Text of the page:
Managing Your Vacation Rental

Managing your rental in another season of COVID

Written by Carrie Hillman
4.7/5 - (3 votes)

Generally speaking, managing a vacation rental in the 2021 rental season should feel a lot less daunting than last year. We know more about how the virus spreads and which activities are riskier than others. Our knowledge, in combination with so many of us being vaccinated, will make everyone feel more at ease this summer.

Also, the US CDC guidelines for cleaning and disinfecting have recently been updated and indicate a belief in a much lower risk of contagion from contaminated surfaces than originally thought.

Effective May 29, gathering limits will be increased to 200 people indoors and 250 people outdoors for event venues, public settings and private settings. There is very little risk of a travel ban or any other restrictions on rentals. So, filling your rental homes, and keeping them filled, will not be a problem at all this year. In fact, the demand from vacationers is unprecedented!

But what DO you still need to do to comply with the recommendations of both the CDC and the State?


According to CDC Director Dr. Rochelle Walensky, regular cleaning of surfaces with soap or detergent is sufficient. In fact, disinfection is not necessary unless there has been a suspected or confirmed case of COVID within 24 hours. In most cases, fogging, fumigation and electrostatic spraying is not recommended as a primary method of disinfection and may actually carry several safety risks.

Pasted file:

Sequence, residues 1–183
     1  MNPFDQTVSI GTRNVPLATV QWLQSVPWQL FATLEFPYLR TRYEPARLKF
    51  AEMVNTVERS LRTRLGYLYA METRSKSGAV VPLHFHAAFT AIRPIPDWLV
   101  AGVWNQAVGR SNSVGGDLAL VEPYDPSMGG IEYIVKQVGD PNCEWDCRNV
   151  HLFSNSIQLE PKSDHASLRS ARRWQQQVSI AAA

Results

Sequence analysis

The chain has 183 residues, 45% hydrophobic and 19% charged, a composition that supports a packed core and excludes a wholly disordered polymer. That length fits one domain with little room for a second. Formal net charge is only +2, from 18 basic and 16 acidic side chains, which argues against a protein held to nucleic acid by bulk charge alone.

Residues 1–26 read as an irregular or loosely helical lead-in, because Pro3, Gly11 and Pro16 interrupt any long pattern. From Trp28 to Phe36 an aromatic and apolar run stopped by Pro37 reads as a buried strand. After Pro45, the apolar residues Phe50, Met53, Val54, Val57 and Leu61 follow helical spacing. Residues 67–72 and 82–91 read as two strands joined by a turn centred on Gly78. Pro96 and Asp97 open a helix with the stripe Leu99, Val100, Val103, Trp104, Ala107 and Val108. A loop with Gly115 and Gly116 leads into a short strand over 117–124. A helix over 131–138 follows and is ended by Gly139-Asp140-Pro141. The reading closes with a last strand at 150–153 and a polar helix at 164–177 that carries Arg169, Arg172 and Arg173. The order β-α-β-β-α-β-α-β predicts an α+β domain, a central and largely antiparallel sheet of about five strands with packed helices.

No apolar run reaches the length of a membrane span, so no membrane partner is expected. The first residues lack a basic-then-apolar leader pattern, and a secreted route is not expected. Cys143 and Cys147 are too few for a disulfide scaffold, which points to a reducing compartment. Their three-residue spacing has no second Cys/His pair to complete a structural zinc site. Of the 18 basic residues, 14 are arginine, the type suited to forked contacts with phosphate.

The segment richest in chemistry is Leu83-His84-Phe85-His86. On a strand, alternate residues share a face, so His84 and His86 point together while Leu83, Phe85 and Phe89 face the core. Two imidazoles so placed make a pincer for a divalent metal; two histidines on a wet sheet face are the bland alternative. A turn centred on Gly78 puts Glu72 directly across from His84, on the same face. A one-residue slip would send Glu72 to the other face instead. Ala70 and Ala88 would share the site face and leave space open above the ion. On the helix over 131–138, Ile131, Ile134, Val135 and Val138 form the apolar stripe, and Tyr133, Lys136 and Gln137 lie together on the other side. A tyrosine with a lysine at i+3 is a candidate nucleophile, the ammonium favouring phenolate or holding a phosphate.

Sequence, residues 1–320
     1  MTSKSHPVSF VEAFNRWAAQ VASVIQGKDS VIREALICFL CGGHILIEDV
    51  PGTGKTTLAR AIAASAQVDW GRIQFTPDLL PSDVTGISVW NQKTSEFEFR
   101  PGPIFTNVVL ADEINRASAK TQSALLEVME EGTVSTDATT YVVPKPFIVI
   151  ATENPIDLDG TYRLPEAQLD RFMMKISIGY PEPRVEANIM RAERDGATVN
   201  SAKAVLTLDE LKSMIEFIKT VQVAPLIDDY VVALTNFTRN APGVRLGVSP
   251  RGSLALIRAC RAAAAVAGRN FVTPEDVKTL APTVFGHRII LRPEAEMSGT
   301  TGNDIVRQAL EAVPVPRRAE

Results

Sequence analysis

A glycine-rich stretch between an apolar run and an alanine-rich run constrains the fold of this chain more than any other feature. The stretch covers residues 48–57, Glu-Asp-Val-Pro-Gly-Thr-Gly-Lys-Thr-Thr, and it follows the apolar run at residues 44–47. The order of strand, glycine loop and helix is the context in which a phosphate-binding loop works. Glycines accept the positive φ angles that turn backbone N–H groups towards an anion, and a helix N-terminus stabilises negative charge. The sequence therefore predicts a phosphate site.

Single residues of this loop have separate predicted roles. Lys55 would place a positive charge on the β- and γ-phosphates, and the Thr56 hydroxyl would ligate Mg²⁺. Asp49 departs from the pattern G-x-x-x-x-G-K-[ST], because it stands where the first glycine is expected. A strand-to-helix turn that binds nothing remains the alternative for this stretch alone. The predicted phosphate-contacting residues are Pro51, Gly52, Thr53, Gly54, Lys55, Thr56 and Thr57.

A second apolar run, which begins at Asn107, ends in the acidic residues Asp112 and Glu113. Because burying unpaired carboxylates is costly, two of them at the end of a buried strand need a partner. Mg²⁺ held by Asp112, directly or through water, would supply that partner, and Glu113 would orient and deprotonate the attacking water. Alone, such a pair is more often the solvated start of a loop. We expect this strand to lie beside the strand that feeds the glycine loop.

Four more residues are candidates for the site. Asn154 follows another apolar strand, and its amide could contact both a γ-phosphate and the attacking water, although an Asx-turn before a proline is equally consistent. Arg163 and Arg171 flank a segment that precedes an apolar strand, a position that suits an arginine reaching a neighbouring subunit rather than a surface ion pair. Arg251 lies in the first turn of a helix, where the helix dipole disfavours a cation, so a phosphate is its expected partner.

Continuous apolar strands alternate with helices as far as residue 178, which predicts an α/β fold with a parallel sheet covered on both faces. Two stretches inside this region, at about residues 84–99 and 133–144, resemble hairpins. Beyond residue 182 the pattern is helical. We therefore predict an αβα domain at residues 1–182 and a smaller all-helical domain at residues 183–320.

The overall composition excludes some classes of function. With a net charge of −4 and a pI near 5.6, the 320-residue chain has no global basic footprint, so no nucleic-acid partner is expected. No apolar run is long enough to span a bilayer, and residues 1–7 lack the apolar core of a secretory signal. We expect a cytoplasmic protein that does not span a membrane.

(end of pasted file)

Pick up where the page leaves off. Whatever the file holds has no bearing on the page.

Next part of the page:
Speak with your cleaners. Communication with your most valuable “rental teammate” is vitally important to make sure that your expectations are understood by them – and that you are aware of their challenges and capabilities.

Bedding and linens

If possible, have extra bedding (bedspreads/coverings and blankets/quilts if you provide them) on hand so every guest has a fresh set. Some homeowners last year alternated sets of bedding between guests.

Keep extra pillow covers and mattress protectors on hand to change out and launder them between guests if you can.

Consider having your guests bring their own bed linens and towels, even if you used to provide them. Doing so will not only save you time and money on your electric bill, but it’s better for the local environment.

We don’t believe a guest log will be necessary for contact tracing this year, but many homeowners request contact information about all guests prior to their arrival anyway.

The Extras – knickknacks and decorative items

This year, you can bring back the extras in moderation. Many homeowners and vacationers enjoyed the uncluttered openness last summer when we cleared out unnecessary items in the house – think the Marie Kondo effect. An uncluttered vacation rental allows your guests room for their belongings, and it makes their exit at the end of the week easier so they don’t have to unwind all of their personal items from yours. But most importantly, removing unnecessary clutter enables your cleaners to do their jobs more quickly and thoroughly. (Read our post about The Problem with Clutter.)

It’s okay to bring some things back: the spare umbrellas, the grocery tote bags, some games, books. But don’t worry about bringing back the bedroom throw pillows, all the knickknacks, and certainly any of your personal items. Vacationers much prefer a de-personalized home, one in which they can envision their own families relaxing and enjoying.